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Today's News

  • Wear purple for Kara

    Kara Tingle has been missing since July 17, 2010. She was last seen on Beechfork Loop Road in Gravel Switch. She was driving a family member's car that was found two days later on Bluegrass Parkway.
    Her family, including her children, Austin, 11, and Nora, 4, will be wearing purple on Friday, Feb. 21, to honor Kara’s 31st birthday. Kara’s family and friends would like to invite the public to join them in wearing purple on Friday to show support. Purple is one of Kara's favorite colors.

  • Ice storm memories from our readers

    Jill Glasscock-Dean
    My Papaw died during that ice storm. Half the family didn’t have electricity trying to prepare and deal with a funeral. Kevin Ford came to my parents’ house and spent the afternoon picking up and hauling off massive amounts of tree limbs and debris in the cold without being asked. It was a huge act of kindness during a very somber time.

    Amy Riney

  • Remembering the storm

    The 2009 ice storm arrived in Marion County on Monday evening, Jan. 28.
    "Roads were beginning to ice over. Limbs were starting to sway to the point of breaking," Marion County Judge/Executive John Mattingly said.
    The storm continued to inflict damage throughout the night and the next day. By nightfall on Jan. 29, the county was hitting rock bottom, according to Mattingly.
    "It was obvious that we were without water pumping capacity, and the lights were out in probably 60 to 70 percent of the county," he said.

  • Lebanon man accused of incest

    Luis M. Cortes-Vergara, 45, of 690 W. Main Street in Lebanon was indicted for three counts of incest (victim under 12) and one count of first-degree sexual abuse (victim under 12) in Marion Circuit Court recently.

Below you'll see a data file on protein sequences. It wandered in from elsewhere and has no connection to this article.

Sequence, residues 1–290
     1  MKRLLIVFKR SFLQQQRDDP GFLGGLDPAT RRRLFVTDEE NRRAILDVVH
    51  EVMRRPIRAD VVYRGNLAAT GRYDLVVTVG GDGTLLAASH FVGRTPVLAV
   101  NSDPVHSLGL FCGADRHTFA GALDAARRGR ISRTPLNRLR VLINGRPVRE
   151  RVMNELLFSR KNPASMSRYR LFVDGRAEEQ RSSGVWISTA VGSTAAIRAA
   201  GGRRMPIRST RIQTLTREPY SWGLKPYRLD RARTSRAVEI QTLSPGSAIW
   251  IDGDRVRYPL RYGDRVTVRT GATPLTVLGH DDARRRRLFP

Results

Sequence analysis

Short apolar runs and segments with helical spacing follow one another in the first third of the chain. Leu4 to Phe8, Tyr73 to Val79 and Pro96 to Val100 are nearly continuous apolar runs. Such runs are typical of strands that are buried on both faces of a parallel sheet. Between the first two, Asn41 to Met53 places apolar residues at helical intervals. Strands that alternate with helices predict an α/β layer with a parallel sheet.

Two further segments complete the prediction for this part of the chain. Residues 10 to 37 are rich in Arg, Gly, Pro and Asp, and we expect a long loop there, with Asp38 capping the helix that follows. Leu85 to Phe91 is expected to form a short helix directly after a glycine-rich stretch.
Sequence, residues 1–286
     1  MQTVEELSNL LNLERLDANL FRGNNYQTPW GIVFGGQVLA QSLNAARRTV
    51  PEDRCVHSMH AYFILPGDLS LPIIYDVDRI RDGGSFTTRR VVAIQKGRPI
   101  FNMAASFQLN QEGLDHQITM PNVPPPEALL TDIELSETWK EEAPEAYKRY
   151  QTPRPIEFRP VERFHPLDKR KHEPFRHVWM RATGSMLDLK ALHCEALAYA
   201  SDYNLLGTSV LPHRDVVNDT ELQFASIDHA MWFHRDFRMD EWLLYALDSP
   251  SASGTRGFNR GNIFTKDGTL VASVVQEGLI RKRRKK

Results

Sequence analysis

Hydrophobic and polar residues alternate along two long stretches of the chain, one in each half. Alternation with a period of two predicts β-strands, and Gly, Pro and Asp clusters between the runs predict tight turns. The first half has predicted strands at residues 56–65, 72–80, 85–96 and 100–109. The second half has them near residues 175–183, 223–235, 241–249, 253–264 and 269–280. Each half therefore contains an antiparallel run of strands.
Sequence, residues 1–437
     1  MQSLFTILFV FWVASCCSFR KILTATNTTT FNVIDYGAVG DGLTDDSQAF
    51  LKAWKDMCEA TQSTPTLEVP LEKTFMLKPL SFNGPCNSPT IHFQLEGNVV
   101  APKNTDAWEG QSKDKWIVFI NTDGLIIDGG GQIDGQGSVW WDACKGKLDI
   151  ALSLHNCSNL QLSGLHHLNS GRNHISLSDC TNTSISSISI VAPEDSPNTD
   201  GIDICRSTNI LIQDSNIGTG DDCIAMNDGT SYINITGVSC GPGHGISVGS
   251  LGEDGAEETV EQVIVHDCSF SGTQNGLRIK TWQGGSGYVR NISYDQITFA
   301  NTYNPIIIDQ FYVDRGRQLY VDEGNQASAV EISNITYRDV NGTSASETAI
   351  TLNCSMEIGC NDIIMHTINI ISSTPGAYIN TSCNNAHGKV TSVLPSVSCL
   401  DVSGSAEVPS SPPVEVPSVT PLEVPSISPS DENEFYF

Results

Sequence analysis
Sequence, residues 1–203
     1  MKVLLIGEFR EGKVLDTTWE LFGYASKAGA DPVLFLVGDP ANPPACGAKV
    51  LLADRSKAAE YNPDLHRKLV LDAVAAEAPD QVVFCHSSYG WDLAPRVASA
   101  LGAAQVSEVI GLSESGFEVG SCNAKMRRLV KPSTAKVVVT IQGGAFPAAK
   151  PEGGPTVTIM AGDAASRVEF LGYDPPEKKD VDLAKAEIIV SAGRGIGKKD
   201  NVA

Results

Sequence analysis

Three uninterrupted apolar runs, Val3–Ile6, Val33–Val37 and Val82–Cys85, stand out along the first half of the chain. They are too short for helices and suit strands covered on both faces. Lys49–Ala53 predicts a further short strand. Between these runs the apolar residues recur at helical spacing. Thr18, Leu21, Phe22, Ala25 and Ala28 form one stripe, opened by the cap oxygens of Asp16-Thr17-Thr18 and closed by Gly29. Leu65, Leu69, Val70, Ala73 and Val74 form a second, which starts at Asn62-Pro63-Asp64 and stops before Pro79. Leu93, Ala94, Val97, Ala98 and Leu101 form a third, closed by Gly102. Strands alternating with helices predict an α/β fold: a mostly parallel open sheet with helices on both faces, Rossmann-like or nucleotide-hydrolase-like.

According to the indictment, between Dec. 1, 2012, and Oct. 20, 2013, Cortes-Vergara had sexual intercourse with a person he knows to be an ancestor, descendent, brother or sister who was under 12 years old. The indictment also reads that he subjected a person to sexual contact who was incapable of consent because she was under 12 years old.

  • Marion County's Most Interesting People: The Aspiring Actress

    If you Googled Marion County native Audri Clark, you’d get a lot of standard results: a Facebook page, Pinterest profile, and Twitter account – but you’d also get a result most people can’t say they have, their name on IMDb.
    That’s because Clark, 24, of Lebanon, is an actress who has been in plays and appeared on a web series and TV show.

  • Marion County's Most Interesting People: The Musician

    On Dec. 24, 2007, a fire destroyed many of the contents of Paul Childers' family's home, including his guitar.
    "It was personally the greatest thing that ever happened to me," said Childers, 19.
    About six months before the fire, Childers got his guitar, a Fender Squire Bullet, and it was damaged by the blaze. When the Kentucky Fellowship of Musicians found out, they chipped in to get him a new guitar.

  • Marion County's Most Interesting People: The Renaissance Man

    Jon Howard Michael, 74, of Bradfordsville could quite possibly be the most interesting person in Marion County.
    For starters, he has a photographic memory. He remembers, very vividly, every event of his life, starting at a very young age. He remembers every name, every place, every single detail, down to the year and day of the week an event occurred. It’s uncanny, really. Talking with him can be overwhelming (in a good way) because he literally remembers everything.

  • Marion County's Most Interesting People: The Gardener

    By Will Phillips
    Enterprise correspondent

    Albert Purdy has lived at the same address for nearly 96 years.
    He’s a staple of the Lebanon community and yet, it’s probably safe to wager that many people don’t even know his name.
    Most people probably know him best as the man who sells vegetables on Spalding Avenue in the summer. But many won’t know his name.

  • Marion County's Most Interesting People: Lifelong Learner

    Rose Graves remembers standing outside the Marion County Public Library as a child wishing she could go inside. She said she doesn't really know why she couldn't go, only that she wasn't supposed to go there.
    “They always said, don’t you go to that library,” Graves said.
    Today, no one can keep Graves, 63, out of it. She visits at least four times a week to work on community projects or to research her own family history.

  • Seeing the forest and the trees

    If everything goes according to plan, a forest will surround TG Kentucky in 20 years.
    In order to make that happen, however, factory officials are hoping to get some help from 3,000 volunteers from Marion and surrounding counties.
    “This is not a landscaping project,” Tim Smith told Leadership Lebanon participants on Friday.